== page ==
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Woman Leaves The Corporate World And Opens Million Dollar Whole Foods Dog Barkery

Things change as we get older. We get wiser, we learn that if something isn't making us happy it never will. We teach ourselves to let go and take risks. But it's still a surprise when someone actually does a 360 on a career switch! Although a study by the Center for Retirement Research at Boston College found "Late-career job changes have become more common over the past several decades at the same time that working longer has become more necessary, the rise in job-changing appears to be largely voluntary, with workers likely moving to jobs that they consider better."

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    Lucky for us, Marsha Lindsey is one of those people. After she retired from a career as a corporate lobbyist in Dallas she did a major career change. At the age of 54, she opened Lucky Dog Barkery in a trendy shopping center.

    The Lucky Dog Barkery is what you would call…the Whole Foods for dogs. The Bakery is filled with high-end pet food such as; bison, sardines, turkey, alongside dog toys and pet clothing!

    Now this Barkery has been in business for the past 12 years! "We've got good quality people coming through the door," Lindsey said, and that has boosted traffic to the stores around her. Lindsey opened the story although she knew nothing about retail.

    But after Lindsey left her corporate job, a friend suggested she open a store for dogs. "I was doing consulting, found myself dressed up in airports, it wasn't much fun." But a dog store? "We've always had dogs, love dogs, but I'd never really dreamed of owning a retail store," she said. Lindsey did some research and convinced herself to move forward. "It's a very strong industry; it survives recessions." And she wasn't wrong. The pet food market is still projected to grow and natural pet food makes up over 25 percent of the market.


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    Lindsey started Lucky Dog Barkery with $200,000. She struggled to put the money together, pulling out of her retirement fund. Even her financial advisor disapproved! "He thought that I had maybe lost my mind."

    But when the store opened in 2005, well let's just state the obvious, it was a HIT! "I had customers that literally would look in a box that I hadn't even unpacked and wanted to buy things, and I'm like, 'Well, I don't have this priced yet.'" One thing that that may have made Lindsey's store such a success may have been that she was more focused on the look and feel of the store, rather than the money part. She wanted the store to have a certain feel, and certain look. She decided to go back in time and towards the old-fashioned hardware store style. By organizing dog toys in old nail bins that moved on wheels, to having a coke machine from the 1950's, this place was a real recreation of her own past. The setup was made to recreate the feeling she used to get when she would visit her uncle's all-in-one gas station in a small Oklahoma town where she grew up. Stating, "When I would go back there I just felt at home. It was just the center of everything."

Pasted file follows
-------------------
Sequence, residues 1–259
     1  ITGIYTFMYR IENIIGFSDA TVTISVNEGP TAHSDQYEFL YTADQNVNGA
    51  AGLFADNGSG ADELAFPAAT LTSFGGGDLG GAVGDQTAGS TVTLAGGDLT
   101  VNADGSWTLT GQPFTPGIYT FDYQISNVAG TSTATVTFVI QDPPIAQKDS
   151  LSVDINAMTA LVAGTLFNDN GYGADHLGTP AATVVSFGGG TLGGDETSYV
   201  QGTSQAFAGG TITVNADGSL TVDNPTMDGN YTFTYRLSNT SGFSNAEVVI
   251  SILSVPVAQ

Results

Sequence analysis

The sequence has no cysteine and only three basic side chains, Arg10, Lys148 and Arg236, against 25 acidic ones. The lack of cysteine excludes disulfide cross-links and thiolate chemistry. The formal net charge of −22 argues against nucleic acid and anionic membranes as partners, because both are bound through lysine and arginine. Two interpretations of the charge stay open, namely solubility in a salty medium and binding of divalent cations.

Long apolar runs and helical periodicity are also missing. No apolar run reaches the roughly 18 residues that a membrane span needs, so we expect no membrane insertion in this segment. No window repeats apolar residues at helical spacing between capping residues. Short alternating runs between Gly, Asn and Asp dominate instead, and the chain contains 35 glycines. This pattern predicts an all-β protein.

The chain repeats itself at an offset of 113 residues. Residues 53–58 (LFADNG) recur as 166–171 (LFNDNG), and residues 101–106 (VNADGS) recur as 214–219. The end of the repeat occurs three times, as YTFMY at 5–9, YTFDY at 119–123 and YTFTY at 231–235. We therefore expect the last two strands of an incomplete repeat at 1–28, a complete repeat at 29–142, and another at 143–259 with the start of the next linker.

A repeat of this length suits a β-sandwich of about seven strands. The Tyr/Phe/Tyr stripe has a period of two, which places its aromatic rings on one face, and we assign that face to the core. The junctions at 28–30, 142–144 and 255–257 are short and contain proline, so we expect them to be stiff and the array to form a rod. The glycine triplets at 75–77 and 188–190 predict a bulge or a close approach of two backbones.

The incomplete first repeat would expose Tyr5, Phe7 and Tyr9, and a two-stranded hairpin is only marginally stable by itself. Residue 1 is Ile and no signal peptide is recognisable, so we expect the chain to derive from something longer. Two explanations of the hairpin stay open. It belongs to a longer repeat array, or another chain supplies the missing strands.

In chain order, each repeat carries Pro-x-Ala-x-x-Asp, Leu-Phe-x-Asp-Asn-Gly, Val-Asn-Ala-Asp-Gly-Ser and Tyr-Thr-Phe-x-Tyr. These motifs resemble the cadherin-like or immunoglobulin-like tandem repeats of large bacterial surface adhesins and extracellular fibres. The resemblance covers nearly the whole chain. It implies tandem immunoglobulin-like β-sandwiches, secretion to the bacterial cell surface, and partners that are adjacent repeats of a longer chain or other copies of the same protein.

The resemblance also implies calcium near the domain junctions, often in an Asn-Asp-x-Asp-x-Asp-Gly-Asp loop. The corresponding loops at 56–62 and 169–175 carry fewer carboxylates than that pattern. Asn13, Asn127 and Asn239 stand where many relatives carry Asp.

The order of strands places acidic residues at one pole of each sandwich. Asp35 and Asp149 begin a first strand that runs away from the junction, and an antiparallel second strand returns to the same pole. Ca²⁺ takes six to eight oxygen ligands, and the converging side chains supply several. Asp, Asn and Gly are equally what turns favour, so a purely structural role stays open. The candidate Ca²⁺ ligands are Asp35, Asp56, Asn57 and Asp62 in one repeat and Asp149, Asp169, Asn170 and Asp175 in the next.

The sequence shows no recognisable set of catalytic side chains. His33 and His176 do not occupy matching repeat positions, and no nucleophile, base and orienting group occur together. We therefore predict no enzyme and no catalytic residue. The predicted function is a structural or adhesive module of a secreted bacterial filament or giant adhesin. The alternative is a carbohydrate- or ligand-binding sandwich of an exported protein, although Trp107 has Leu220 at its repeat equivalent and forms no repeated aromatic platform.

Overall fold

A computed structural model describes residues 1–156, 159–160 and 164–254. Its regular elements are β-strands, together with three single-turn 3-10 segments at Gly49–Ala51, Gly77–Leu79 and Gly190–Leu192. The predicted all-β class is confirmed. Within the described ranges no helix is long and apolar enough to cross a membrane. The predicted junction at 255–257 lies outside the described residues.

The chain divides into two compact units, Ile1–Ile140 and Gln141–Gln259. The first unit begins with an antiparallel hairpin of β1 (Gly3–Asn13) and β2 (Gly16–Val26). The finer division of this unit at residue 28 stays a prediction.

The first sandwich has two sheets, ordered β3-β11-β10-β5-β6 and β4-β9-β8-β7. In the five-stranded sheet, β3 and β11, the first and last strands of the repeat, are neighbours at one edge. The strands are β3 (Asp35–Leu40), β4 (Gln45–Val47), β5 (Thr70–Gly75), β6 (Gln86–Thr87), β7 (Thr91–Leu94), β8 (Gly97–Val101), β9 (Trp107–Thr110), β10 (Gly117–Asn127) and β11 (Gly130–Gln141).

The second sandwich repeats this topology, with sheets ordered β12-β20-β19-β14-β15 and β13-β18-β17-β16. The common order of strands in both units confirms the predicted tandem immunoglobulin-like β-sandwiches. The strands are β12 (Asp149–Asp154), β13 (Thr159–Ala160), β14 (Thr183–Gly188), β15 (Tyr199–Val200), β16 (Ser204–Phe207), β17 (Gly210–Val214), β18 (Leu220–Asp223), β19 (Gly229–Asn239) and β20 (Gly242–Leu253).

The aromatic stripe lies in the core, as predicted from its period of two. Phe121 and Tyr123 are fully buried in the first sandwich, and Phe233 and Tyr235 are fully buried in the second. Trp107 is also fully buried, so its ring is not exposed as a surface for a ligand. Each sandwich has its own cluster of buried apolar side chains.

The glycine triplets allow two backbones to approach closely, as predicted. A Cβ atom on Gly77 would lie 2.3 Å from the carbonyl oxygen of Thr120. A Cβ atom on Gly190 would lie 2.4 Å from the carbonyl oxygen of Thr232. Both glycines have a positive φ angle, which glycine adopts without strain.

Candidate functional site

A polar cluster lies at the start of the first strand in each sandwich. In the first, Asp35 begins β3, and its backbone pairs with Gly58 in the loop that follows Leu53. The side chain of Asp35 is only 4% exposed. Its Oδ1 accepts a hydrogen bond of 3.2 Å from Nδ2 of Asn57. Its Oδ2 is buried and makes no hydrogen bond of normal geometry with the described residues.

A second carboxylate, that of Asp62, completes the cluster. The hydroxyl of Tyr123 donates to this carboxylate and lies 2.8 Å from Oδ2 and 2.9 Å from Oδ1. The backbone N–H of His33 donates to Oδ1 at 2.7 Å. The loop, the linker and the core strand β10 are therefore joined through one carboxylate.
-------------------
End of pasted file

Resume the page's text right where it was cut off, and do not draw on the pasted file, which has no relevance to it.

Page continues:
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    So from start to still going, it seems her financial advisor has had to apologze for calling Lindsey crazy because her dream is very successful! First full-year revenues for Lucky Dog Barkery in 2006 were $350,000, and "Last year we did $1.6 million." Lindsey has taken no outside investment. Now if that isn't an accomplishment, we don't know what is!

    She credits hiring a small staff that really knew the products, and her own work getting to know the manufacturers. "I think we lucked out in that we were successful quickly […] What we try to do is teach people how to read an ingredient panel, There's a lot of really poor products out there." 

    So the bigger question is... Is it a store just for dogs? Unfortunately, it is. Why? Well, when the Barkery opened Lindsey had in fact carried a few cat products, and it was quite a few. However, a particular incident determined that the main focus will just be on dogs. "I had a cat customer come in that was not happy with the amount of inventory I had,"Lindsey said. "She sort of yelled at me. ... That's when I said, 'Ya know what? We're just going to focus on dogs.'"


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    Forbes reports that nearly one in three entrepreneurs in America is between the ages of 55 and 64. Now that's surprising!

    Lindsey however, never thought of herself as an entrepreneur. But, "Working for a large corporation, I found myself always wanting a new job, and I liked having a job that no one had had before, that I had to create," she said. "I actually went to some training, and they said the farther you can be from corporate headquarters, the better off you'll always be." If that isn't a sign we don't know what is!


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    Lindsey also has no future plans of franchising her store. She is a strong believer that part of her success is because of the customers she regularly sees behind the register. Feeling that if she franchises she will become disconnected with the business. The Barkey doesn't have deals nor an actual website. They do have a Facebook page and Instagram account and find that it is the best way to stay connected and get better results. Also they use the word-of-mouth method for marketing!

    We just have to say we are so glad that Lindsey went for it and created the Lucky Dog Barkery. Not only is it as far away from the typical corporate world, it's just what we need!

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